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Arashi fans flock to shrines after pop group announces activity suspension

A message hoping to secure a ticket for a concert by Japanese pop group Arashi and wishing for their successful completion of their tour is seen on an "ema" tablet dedicated to Sakurai Shrine in the city of Itoshima, Fukuoka Prefecture, in southern Japan, on Jan. 31, 2019. (Mainichi/Tadashi Sano)
Members of the Japanese pop band Arashi, from left, Masaki Aiba, Jun Matsumoto, Satoshi Ono, Sho Sakurai and Kazunari Ninomiya attend a press conference in Tokyo's Minato Ward, on Jan. 27, 2019. (Mainichi/Naoaki Hasegawa)

ITOSHIMA, Fukuoka -- Fans of the popular pop group Arashi are making "pilgrimages" to three Shinto shrines in this part of southern Japan to pay tribute to the five-man band following their announcement on Jan. 27 that they would suspend their activities at the end of 2020.

The shrines are popular among Arashi fans because their names include parts of group members' monikers. The "Arashi shrines," as the fans call them, are Sakurai and Uruu shrines in the city of Itoshima, Fukuoka Prefecture, and Ninomiya Shrine in the Nishi Ward of the city of Fukuoka, the prefectural capital.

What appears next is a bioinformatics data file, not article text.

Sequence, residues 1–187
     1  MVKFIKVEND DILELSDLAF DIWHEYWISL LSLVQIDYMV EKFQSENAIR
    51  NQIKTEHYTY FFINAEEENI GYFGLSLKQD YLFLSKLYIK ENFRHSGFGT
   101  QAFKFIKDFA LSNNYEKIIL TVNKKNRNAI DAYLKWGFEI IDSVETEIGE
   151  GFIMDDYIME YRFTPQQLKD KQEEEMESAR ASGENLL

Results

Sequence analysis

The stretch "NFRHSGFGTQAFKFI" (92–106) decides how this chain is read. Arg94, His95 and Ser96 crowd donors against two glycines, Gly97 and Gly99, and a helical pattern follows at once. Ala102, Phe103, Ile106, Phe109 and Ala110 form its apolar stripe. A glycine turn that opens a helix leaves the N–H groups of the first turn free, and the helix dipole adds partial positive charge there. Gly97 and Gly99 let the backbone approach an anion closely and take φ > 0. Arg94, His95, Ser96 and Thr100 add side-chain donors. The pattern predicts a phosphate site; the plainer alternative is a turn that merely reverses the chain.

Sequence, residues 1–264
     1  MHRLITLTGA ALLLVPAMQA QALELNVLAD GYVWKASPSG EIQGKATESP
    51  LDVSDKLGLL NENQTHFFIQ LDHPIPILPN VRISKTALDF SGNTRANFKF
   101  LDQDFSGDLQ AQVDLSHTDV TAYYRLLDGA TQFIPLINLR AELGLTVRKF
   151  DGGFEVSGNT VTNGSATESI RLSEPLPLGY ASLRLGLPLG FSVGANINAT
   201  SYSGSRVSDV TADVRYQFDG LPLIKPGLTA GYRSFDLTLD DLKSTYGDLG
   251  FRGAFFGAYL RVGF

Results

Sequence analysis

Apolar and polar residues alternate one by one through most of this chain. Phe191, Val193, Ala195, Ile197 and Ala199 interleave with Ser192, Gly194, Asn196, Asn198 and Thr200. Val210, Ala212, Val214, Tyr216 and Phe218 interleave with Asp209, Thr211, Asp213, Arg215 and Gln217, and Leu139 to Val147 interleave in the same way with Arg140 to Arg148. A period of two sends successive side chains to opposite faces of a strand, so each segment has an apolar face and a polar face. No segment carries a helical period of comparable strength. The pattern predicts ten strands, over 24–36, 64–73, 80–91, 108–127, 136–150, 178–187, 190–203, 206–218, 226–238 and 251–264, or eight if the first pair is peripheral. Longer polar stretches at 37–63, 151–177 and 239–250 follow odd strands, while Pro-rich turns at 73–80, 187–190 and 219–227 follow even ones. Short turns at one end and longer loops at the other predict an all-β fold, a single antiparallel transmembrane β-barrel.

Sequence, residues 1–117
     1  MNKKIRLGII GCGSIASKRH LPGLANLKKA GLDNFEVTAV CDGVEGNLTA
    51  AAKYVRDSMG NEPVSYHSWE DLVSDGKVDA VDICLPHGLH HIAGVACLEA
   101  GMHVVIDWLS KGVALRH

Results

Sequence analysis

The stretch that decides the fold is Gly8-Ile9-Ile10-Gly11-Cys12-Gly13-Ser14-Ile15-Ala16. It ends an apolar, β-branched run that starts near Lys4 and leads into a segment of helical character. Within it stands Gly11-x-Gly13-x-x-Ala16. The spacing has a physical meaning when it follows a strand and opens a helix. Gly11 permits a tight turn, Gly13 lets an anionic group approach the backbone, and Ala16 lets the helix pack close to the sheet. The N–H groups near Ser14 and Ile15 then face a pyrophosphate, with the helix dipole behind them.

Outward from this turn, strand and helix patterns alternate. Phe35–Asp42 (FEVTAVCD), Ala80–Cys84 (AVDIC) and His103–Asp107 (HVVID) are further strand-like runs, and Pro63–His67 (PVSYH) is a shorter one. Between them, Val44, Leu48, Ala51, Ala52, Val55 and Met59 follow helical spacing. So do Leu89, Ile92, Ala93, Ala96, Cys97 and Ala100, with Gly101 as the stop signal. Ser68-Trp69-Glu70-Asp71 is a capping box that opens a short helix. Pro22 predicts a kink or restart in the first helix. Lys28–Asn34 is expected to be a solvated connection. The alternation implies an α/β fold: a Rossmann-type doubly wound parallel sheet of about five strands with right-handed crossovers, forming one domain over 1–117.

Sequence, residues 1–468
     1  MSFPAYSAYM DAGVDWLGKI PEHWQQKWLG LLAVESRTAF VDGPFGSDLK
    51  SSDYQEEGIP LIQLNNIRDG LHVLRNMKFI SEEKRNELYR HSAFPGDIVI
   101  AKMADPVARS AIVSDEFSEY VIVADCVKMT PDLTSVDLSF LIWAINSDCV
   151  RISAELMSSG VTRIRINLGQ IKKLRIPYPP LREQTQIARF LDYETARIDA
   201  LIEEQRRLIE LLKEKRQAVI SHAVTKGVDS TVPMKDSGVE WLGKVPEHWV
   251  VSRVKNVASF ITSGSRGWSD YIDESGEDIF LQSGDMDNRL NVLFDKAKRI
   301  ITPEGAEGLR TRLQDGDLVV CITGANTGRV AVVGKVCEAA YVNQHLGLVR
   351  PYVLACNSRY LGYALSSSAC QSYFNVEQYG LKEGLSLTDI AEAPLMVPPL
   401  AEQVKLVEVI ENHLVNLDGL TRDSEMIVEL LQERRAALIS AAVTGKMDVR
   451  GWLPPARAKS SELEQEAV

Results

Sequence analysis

Sakurai and Ninomiya are the family names of Sho Sakurai, 37, and Kazunari Ninomiya, 35, respectively. The Chinese character for Uruu is that of the given name of Jun Matsumoto, 35. The precincts are within 20 minutes' drive by car and can be visited in a single sweep.

Many "ema" pictorial tablets with messages from well-wishing fans for Arashi are dedicated to Sakurai Shrine. "I hope the five members can reach their goal with smiles," reads one message left by a fan.

Historically, the religious site is associated with the Kuroda feudal family that reigned over Fukuoka, and its main hall and Sakura-mon gate are designated as prefectural cultural properties.

A mother-and-daughter fan duo from the city of Fukuoka was in the precinct. The 50-year-old homemaker with the 12-year-old first-year junior high school student says, "I feel sad but I hope they can take a good rest. I would like to support the five guys till the end."

According to Minoru Toyama, the 72-year-old chief priest of the shrine, the relationship between Sakurai Shrine and Arashi is not only in name. Legend has it that the shrine was established after the appearance of a holy spirit from a divine cave that opened up after a thunderstorm, or arashi in Japanese, in 1610. "I guess it can be called a linkage," said a smiling Toyama. "I'm happy to see young people coming all the way to the shrine."

(Japanese original by Tadashi Sano, Kyushu News Department)

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